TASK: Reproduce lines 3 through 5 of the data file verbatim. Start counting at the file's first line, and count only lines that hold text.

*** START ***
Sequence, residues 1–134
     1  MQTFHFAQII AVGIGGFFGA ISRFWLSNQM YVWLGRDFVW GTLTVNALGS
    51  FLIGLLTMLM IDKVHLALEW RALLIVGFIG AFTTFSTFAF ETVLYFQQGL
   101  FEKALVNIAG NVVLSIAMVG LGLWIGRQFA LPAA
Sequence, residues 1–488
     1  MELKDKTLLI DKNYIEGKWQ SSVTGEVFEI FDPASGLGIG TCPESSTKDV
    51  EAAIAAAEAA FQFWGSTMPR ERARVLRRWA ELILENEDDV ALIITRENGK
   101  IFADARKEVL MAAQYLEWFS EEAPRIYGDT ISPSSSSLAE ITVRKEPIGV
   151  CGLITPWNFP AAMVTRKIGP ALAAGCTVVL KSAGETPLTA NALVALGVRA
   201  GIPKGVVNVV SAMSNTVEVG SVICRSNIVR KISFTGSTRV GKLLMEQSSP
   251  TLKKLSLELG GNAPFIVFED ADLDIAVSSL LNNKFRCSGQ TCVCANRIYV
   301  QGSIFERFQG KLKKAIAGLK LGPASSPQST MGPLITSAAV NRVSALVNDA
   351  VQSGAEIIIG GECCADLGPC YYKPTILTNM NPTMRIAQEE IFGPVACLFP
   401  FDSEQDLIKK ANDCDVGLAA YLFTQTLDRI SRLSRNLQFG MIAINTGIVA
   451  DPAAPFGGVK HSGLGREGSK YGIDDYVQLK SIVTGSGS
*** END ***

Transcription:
    51  FLIGLLTMLM IDKVHLALEW RALLIVGFIG AFTTFSTFAF ETVLYFQQGL
   101  FEKALVNIAG NVVLSIAMVG LGLWIGRQFA LPAA
Sequence, residues 1–488